When reality hits home, watch out

Times Staff Writer

Given the seeming ubiquity of so-called reality television, it was only a matter of time before it came knocking on the door and invading the neighborhood.

So it was that my mother, who lives on a quiet little street in Van Nuys, woke up last week to find a flier informing her that something called "Wife Swap," a new "reality show," was set to begin filming just a few houses away.

Now Mom, at 79, isn't exactly the target audience for most of these staged reality shows, though I did catch her watching "The Bachelor" once, just to discover what all the fuss was about. Moreover, her home seems to be the last place you would expect to find the typical shenanigans associated with "Joe Millionaire" or "The Real World."

Still, the location manager was nothing if not persistent, coming back multiple times (including after dark on a Sunday night, sending the dog into a tizzy) to secure the County & City of Los Angeles Filming Survey, which essentially asks residents to state any concerns they might harbor about "Wife Swap" coming to their block.

This wasn't seeking permission, a Los Angeles Film Office receptionist told me, but simply a courtesy to make sure there hadn't been several such productions on a single street -- which, given the proliferation of reality shows, seems increasingly possible. As the office's Web site notes, "Who wouldn't be mad if these big white trailers showed up one day, without warning?"

"Wife Swap," it turns out, is already a Top 10 hit in the U.K., which is exporting such programming to the U.S. faster than Colombia can ship coffee beans.

The title, however, is really not an accurate description. The premise involves two married women switching roles for two weeks -- following the conventions of the household they inherit in the first, then having their temporary families try to live by their rules in the second. And, yes, the thrown-together husband and wife sleep in separate rooms.

For some reason, though, ABC -- the network airing "Are You Hot? The Search for America's Sexiest People" -- was tentative about the project. The network has agreed only to develop a prototype, which is where my mother's neighbor comes in, and a network spokesman couldn't say for sure whether the original title would survive.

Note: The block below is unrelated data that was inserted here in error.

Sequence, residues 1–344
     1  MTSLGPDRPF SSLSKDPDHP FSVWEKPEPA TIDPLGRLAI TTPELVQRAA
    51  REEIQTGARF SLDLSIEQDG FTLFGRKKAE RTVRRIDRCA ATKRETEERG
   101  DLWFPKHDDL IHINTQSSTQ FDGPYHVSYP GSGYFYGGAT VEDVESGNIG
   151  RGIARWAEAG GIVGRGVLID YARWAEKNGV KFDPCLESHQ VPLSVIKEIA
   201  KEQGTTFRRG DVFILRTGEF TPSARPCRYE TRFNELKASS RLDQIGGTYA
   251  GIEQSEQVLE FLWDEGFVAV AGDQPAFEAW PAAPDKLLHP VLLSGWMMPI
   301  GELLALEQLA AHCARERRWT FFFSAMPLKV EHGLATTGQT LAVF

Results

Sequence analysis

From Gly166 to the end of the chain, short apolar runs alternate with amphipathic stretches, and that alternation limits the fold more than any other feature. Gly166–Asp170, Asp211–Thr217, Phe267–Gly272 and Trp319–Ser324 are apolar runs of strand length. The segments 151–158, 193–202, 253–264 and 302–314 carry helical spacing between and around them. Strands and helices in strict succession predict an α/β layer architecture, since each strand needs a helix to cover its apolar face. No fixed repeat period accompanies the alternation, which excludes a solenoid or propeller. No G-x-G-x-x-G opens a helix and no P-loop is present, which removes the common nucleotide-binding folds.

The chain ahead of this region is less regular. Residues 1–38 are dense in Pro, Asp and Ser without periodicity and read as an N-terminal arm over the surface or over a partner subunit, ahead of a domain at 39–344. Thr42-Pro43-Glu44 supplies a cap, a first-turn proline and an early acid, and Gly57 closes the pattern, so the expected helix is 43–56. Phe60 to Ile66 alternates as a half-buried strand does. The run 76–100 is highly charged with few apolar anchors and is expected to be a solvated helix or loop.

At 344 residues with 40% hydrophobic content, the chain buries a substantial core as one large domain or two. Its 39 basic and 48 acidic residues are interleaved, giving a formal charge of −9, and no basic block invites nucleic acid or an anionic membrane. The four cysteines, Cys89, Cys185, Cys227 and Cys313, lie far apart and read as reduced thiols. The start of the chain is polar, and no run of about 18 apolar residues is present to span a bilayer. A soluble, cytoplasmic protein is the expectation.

"It would be a real shame if we don't call it 'Wife Swap,' " said Michael Davies, producer of "Who Wants to Be a Millionaire," who is overseeing the production for RDF Media. "I know this country was founded by Puritans, but this is a squeaky-clean television program."

Indeed, images of wild hot-tub parties (and an inordinate number of visits to Mom's house) quickly faded. Rather, RDF's Web site showed pictures of very average-looking people sitting around on the couch, which, from what I've seen, isn't particularly unusual in my mother's neighborhood.

According to the site, the series "lifts the lid on the choices different people make: how they divide up parenting, shopping and housework, spending priorities and what they want from their social life. Here is a rare opportunity to witness what it is like to live someone else's life and experiences."

If all goes well, the show could be on ABC this summer. To Davies, the concept "rejoices in the normality of daily family life," providing a basis for discussion. An episode in the U.K., for example, featured a black and white couple who had to overcome certain ingrained prejudices.

"The families learn quite a lot from it," he said. "The program has substance to it."

I'm sure Mom will feel better knowing that something substantial will be filming up the block, assuming the participants survive the requisite background checks -- which, given the track record of "reality" contestants, is hardly a slam dunk.

I did assure her that RDF has several legitimate credits, producing, among other things, the TLC cable series "Junkyard Wars" and "Perfect Match," a British dating show. Davies called them "observational documentary filmmakers" who remain a bit perplexed about the hoops that must be jumped through to film shows in the U.S.

Hard as it is to keep up with all the unscripted concepts being bandied about, the "Wife Swap" experience has put my mind at ease at least on one level. Apparently, if you just wait around a bit these days, the reality shows come directly to you.


Brian Lowry is a television columnist for The Times. He can be contacted at brian.lowry@latimes.com.

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